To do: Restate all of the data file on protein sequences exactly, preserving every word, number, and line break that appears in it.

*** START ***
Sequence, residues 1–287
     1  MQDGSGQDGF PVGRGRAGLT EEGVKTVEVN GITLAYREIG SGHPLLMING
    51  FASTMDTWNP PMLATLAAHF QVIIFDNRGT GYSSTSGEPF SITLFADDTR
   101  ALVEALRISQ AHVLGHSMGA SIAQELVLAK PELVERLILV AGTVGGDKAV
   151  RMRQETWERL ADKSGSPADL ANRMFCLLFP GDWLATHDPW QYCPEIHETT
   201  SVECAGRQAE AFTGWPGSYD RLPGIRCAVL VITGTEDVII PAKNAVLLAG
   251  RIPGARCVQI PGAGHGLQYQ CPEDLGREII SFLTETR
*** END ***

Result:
Sequence, residues 1–287
     1  MQDGSGQDGF PVGRGRAGLT EEGVKTVEVN GITLAYREIG SGHPLLMING
    51  FASTMDTWNP PMLATLAAHF QVIIFDNRGT GYSSTSGEPF SITLFADDTR
   101  ALVEALRISQ AHVLGHSMGA SIAQELVLAK PELVERLILV AGTVGGDKAV
   151  RMRQETWERL ADKSGSPADL ANRMFCLLFP GDWLATHDPW QYCPEIHETT
   201  SVECAGRQAE AFTGWPGSYD RLPGIRCAVL VITGTEDVII PAKNAVLLAG
   251  RIPGARCVQI PGAGHGLQYQ CPEDLGREII SFLTETR